Kashuby i Kaszuby - Reunited
In the 1970's I was introduced to Ontario’s Kashub community in the Ottawa Valley, centred around Wilno, Barry’s Bay and Round Lake Center. As someone who has lived his entire life in southern Ontario, I was surprised and intrigued to find an area so dominated by one culture. When I asked about their ancestral homeland, the Kashubs talked in generalities and seemed to have little specific knowledge, but one phrase I heard often was, “They say it’s a lot like here.”
In 2006, while in Round Lake Centre to attend a wedding anniversary, I conceived a plan to explore that statement. I would photograph both the Wilno area of Ontario and the Kaszuby region of Poland, the ancestral home of Canada’s Kashubs.
My photographic work took place in 2007. I decided, as a non-Kaszub, to photograph the two Kaszubys the same way, staying in each region for extended periods of time, driving the back roads to find scenes and objects of interest, and interacting with people as situations arose. I searched for subject matter that was both an integral part of the present-day Kaszubys and had links to the past. This collection of images is the result.
This series of photographs was taken in 2007.
Images from the series (click to view): Borzyszkowy Church
, Woman and Hands
, Support Detail
There are other images in this series that are not on this website. If you are interested in more information about them, please leave a message below or email
The Kaszubs of Poland and Canada
In 1858 a group of immigrants, destined to become Canada’s first Polish settlers, arrived in Ontario’s Ottawa Valley from Kaszuby, Poland.
Kaszuby is a region in northern Poland that extends approximately 100 km southwest from the city of Gdansk and is the homeland of the Kaszub people, a distinct ethnic group within Poland. The Kaszubs’ unique culture is visibly expressed through their architecture, crafts, dress, and their own language, which is still practised today.
The original group of Polish Kaszubs left their homeland seeking greater economic opportunities and freedom from religious persecution and political oppression. Others followed, and settled in Ontario around the present-day village of Wilno, an area generally described as Kashuby.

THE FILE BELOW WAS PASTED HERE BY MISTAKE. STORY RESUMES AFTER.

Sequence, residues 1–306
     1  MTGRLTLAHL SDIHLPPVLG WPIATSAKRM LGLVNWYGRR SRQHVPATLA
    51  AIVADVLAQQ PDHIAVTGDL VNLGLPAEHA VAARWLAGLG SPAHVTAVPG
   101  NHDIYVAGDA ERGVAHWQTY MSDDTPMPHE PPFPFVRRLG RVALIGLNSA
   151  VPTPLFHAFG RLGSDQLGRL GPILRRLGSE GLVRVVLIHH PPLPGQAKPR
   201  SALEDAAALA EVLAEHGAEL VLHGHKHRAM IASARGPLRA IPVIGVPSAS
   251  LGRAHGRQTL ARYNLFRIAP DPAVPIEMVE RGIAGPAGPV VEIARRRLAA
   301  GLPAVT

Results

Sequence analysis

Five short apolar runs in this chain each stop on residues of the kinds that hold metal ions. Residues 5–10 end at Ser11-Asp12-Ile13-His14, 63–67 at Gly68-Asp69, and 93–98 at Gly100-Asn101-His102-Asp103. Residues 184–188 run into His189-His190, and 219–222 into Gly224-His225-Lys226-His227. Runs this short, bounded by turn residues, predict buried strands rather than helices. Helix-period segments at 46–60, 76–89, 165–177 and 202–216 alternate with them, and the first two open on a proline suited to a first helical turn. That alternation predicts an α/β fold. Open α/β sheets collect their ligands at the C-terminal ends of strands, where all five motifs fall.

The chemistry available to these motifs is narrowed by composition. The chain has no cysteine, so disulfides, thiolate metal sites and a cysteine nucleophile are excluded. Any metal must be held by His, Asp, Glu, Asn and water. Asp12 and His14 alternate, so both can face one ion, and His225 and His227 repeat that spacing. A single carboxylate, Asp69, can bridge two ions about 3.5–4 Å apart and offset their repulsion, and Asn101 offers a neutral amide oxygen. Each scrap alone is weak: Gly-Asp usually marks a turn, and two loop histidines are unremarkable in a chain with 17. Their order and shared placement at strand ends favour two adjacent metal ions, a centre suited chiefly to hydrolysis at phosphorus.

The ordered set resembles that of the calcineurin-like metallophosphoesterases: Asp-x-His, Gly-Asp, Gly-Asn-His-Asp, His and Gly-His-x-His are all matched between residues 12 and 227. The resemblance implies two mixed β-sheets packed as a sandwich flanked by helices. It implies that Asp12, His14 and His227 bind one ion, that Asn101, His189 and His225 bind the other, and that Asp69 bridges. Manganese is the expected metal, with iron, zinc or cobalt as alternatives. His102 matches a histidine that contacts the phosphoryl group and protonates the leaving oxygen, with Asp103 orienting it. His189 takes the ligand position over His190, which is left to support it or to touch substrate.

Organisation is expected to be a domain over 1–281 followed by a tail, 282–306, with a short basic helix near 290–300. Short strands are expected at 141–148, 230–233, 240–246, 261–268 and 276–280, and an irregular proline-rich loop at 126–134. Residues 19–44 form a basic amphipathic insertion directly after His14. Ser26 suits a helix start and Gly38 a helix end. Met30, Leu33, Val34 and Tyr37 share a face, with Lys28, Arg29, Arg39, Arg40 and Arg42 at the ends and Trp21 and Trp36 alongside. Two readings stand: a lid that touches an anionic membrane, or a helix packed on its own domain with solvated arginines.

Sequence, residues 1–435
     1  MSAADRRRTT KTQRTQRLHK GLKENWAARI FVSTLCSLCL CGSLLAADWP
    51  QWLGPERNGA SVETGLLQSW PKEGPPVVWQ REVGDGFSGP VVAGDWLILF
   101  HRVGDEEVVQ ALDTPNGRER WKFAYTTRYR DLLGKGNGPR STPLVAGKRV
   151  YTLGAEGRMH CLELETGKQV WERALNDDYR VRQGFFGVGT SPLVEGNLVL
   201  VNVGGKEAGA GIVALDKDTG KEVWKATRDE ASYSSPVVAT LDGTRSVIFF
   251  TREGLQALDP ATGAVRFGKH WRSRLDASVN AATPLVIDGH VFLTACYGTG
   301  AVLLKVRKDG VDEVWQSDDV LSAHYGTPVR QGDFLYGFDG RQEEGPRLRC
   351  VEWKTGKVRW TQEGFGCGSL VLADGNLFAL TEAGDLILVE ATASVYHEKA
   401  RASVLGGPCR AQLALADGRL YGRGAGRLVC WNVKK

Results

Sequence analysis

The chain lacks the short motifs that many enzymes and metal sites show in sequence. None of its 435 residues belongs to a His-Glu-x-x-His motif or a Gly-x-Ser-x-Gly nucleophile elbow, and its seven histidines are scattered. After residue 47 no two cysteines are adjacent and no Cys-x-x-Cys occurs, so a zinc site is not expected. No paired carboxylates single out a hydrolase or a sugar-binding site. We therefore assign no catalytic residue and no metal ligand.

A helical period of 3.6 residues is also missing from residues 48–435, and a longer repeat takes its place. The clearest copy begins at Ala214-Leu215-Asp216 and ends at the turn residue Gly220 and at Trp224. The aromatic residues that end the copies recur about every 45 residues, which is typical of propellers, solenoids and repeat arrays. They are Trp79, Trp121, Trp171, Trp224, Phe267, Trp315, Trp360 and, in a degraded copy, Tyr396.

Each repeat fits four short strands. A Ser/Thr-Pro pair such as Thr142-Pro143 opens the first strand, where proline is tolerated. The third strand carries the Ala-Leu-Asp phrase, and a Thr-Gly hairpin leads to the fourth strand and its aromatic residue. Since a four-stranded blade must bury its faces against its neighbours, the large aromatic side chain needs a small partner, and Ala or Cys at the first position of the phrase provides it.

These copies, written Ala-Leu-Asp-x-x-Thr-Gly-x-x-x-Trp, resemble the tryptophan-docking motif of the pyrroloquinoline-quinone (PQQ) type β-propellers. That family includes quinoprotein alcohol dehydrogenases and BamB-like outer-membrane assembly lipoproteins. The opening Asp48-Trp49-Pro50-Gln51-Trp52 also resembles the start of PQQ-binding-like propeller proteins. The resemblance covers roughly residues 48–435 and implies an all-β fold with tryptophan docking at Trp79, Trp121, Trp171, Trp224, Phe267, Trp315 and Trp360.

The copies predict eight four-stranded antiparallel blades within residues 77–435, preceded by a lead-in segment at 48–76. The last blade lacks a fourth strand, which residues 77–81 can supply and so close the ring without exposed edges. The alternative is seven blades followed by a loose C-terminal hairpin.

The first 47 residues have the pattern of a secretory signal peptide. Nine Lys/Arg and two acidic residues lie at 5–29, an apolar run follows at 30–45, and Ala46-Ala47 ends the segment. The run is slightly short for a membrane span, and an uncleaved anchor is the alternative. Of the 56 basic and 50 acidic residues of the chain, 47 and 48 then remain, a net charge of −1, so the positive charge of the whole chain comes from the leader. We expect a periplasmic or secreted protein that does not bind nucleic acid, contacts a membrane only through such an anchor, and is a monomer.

The wave of Kaszub immigration to Canada lasted approximately 30 years. Then, virtually all ties with their homeland were cut off. For the next 120 years the two Kaszubys - one in Ontario, the other in Poland - developed in their own separate ways. They lived through good times and bad, endured hardships, wars, and periods of oppression, losing awareness and knowledge of their counterpart across the ocean.
As time passed, the Canadian Kashubs recalled less and less of their Kaszubian identity. They knew they were Polish, yet they could not understand why the language they spoke was different from that of other Poles they encountered. This loss of cultural awareness has continued until quite recently.
With leadership provided by the Wilno Heritage Society (formed in 1998), the Canadian Kashub community has rediscovered its Kaszub roots and built relationships with Kaszubs in Poland. In 2008, to mark the 150th anniversary of the arrival of the first Polish (Kaszub) settlers in Canada, numerous Kaszub dignitaries from Poland journeyed to Wilno, Ontario to take part in the festivities. Since 2008, numerous events in Ontario and Poland have contributed to closer relationships between the two Kaszubys. Several bus tours have taken Canadian Kashubs to visit their homeland in Poland and to meet Polish Kaszubs, and two Kashub pioneer buildings from Ontario have been transported to Szymbark, Poland and erected in the new Canadian section of the Kaszub Cultural Museum.